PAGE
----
Distribution is the name of the game in ecommerce. The faster and more efficiently you can fulfill orders, the faster your business can scale. Amazon is the largest ecommerce company in the world, but it’s not just Amazon products that make up Amazon’s reach. In Q1 of 2021 almost 55% of units sold on Amazon came from third party sellers.
Amazon is renowned for incredibly efficient ways of marketing and distributing products across the globe. The behemoth has enabled small businesses and third party distributors to use its platform at a cost, creating a huge market opportunity for an entirely new ecosystem of sellers. For companies looking to sell on Amazon, there are generally two approaches to distribution: Merchant Fulfillment and Fulfillment by Amazon (FBA).
These two systems of distribution cater to different types of companies. Each offers its own benefits and associated costs. To understand which fulfillment method is best for your company, it is important to understand the details and requirements of both options. Here is a breakdown of how Amazon FBA works, and how you could incorporate it into your distribution strategy:.
With the Merchant Fulfillment plan, you distribute directly to your consumer. That means they take care of all of the packing and shipping for their products, including shipping costs. This is generally the best place to start for businesses that are just beginning to work with Amazon because fees are charged on a per-item basis. Those who go the Merchant Fulfillment route don’t get charged a fee unless they sell something.
Amazon charges a $0.99 fee to the business for every item sold by way of Merchant Fulfillment.
Merchant Fulfillment is usually a good fit for companies that sell under 40 products per month, or who already have their own distribution facility that they can leverage for Amazon orders. For small scale companies, 40 products is generally the break even point with the FBA program, which costs $39.99 per month.
Fulfillment by Amazon (FBA) is a service from Amazon that manages distribution on a third party seller’s behalf. FBA costs $39.99 per month. Brands can leverage Amazon’s large network of distribution centers for fast shipment to their customers without needing to manage all the logistics on their own. The service helps to expedite shipping as well as provide storage, removals, and returns processing. Another major benefit of Amazon FBA is that you have access to Amazon’s customer service and returns service.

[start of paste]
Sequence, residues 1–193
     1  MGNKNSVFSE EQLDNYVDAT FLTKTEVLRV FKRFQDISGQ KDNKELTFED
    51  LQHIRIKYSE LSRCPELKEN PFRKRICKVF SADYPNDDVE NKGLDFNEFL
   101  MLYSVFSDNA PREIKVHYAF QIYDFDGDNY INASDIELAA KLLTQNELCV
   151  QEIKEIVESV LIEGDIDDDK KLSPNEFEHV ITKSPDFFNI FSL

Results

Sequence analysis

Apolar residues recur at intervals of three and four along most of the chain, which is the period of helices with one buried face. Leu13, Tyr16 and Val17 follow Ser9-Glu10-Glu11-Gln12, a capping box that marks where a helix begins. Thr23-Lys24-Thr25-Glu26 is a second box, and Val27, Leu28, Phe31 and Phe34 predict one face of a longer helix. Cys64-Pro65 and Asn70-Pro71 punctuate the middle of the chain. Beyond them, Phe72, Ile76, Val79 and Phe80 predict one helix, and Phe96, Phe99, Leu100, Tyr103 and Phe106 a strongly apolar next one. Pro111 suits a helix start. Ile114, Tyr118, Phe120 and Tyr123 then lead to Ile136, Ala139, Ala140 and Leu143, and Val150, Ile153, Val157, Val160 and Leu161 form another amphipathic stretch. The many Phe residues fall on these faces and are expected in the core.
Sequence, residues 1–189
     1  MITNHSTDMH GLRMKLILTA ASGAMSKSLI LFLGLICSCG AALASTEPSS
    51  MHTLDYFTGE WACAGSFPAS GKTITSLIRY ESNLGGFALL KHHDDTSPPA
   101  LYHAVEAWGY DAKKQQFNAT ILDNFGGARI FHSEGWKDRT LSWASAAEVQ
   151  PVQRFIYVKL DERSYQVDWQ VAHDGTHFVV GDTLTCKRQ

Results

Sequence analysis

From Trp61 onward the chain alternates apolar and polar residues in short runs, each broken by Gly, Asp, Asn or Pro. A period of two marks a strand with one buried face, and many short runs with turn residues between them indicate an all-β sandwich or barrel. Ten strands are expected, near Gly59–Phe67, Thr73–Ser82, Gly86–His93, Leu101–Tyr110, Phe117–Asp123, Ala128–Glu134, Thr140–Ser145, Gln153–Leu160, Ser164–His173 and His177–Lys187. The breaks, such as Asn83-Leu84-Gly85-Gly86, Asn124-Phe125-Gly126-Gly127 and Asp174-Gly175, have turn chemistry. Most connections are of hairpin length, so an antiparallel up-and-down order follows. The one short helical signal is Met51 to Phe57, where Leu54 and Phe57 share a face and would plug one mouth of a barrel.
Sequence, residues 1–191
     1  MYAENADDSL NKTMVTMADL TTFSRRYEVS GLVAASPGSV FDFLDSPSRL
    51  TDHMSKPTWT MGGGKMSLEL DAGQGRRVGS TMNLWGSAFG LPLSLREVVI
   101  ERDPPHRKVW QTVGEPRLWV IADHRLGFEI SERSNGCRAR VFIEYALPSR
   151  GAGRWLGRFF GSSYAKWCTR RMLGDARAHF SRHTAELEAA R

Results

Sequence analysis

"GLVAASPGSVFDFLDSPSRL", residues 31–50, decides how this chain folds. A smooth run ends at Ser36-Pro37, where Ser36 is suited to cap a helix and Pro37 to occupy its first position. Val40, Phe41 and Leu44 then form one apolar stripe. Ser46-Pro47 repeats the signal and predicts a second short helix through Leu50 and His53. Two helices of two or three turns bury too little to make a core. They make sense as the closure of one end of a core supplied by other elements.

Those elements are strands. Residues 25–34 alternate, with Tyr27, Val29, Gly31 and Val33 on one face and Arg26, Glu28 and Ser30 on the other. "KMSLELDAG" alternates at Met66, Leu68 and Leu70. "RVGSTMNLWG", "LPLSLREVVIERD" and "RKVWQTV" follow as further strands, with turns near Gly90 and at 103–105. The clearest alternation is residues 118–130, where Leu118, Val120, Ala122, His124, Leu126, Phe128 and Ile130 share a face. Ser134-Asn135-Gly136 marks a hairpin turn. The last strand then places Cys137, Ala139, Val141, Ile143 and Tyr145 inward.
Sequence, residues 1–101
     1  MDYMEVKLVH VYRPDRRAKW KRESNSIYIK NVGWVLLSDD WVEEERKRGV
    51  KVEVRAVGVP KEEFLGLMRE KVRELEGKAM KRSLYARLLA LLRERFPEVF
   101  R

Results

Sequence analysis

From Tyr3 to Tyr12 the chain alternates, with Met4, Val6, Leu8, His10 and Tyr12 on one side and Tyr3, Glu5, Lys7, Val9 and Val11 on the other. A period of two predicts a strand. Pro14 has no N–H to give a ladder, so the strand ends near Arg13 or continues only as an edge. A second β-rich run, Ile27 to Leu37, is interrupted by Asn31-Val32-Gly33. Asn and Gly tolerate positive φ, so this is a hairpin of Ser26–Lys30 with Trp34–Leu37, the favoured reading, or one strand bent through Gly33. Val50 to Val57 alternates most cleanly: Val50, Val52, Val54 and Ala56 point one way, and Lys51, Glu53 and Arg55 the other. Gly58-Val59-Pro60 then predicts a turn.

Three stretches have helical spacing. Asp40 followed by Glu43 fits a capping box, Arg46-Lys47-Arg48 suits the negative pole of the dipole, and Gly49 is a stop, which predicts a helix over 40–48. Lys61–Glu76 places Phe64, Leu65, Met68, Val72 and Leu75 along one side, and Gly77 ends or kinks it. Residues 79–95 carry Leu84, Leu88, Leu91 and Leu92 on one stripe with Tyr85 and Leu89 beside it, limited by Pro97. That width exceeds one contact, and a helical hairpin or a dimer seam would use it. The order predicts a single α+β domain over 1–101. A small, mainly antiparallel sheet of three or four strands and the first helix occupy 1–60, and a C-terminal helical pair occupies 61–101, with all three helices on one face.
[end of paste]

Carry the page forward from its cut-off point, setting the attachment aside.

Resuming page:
FBA is available to companies at the $39.99 per month rate, but it also comes with fees. Inventory fees, long-term storage fees, and unplanned services fees are a few to be aware of. And although you are paying a monthly rate for Amazon to handle the shipping, there is still a fulfillment fee on every unit that you sell. You can find a better estimation of how much you’ll pay using FBA using Amazon’s revenue calculator.
Generally speaking, FBA is intended to help sellers earn higher profit margins because the fees are less expensive at scale. If your business is shipping units day and night, your money might be better spent offboarding those responsibilities to Amazon.
If we’ve learned anything about Amazon, it’s that whatever they do they do it well. When you need to create an Amazon FBA account, the process to get started is pretty streamlined and accessible.
Let’s explore how “the sausage is made.”
Unlike the Merchant Fulfillment fee of $.99 per product sold, using an Amazon FBA signs you up for a $39.99 / month fee. While that fee might seem like a steep climb from Merchant Fulfillment, it encompasses all of the base needs for your business while also making it extra streamlined for your customers — especially when you’ve got a high inventory that you have to bust out every month.